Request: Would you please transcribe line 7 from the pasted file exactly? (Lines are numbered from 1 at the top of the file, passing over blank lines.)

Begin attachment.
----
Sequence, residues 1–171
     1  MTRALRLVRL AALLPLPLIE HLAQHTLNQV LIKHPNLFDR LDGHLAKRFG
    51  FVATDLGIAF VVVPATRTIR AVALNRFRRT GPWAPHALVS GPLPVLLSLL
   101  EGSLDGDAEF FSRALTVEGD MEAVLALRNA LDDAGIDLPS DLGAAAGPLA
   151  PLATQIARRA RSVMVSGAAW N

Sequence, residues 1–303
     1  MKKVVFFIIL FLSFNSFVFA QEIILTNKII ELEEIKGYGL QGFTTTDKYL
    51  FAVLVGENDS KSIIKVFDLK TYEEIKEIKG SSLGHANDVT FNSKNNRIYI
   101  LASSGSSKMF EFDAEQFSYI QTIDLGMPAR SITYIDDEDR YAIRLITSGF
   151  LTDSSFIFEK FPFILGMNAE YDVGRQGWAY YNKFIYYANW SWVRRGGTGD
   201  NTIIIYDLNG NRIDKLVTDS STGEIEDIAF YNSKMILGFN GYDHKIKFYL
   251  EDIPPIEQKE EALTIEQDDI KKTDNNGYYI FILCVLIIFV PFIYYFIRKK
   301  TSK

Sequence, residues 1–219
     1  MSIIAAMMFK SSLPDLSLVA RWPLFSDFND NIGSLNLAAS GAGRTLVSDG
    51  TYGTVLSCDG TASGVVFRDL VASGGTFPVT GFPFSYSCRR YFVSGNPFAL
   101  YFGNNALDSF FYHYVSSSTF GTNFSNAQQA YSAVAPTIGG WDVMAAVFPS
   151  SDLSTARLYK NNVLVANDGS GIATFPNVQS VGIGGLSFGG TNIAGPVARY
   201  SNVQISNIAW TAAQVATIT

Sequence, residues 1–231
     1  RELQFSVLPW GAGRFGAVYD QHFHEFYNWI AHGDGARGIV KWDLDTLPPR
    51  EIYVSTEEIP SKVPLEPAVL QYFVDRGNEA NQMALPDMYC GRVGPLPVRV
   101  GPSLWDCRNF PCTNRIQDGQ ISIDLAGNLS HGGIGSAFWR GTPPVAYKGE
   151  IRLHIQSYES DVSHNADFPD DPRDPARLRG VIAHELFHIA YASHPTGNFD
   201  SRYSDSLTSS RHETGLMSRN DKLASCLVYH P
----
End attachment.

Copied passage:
     1  MKKVVFFIIL FLSFNSFVFA QEIILTNKII ELEEIKGYGL QGFTTTDKYL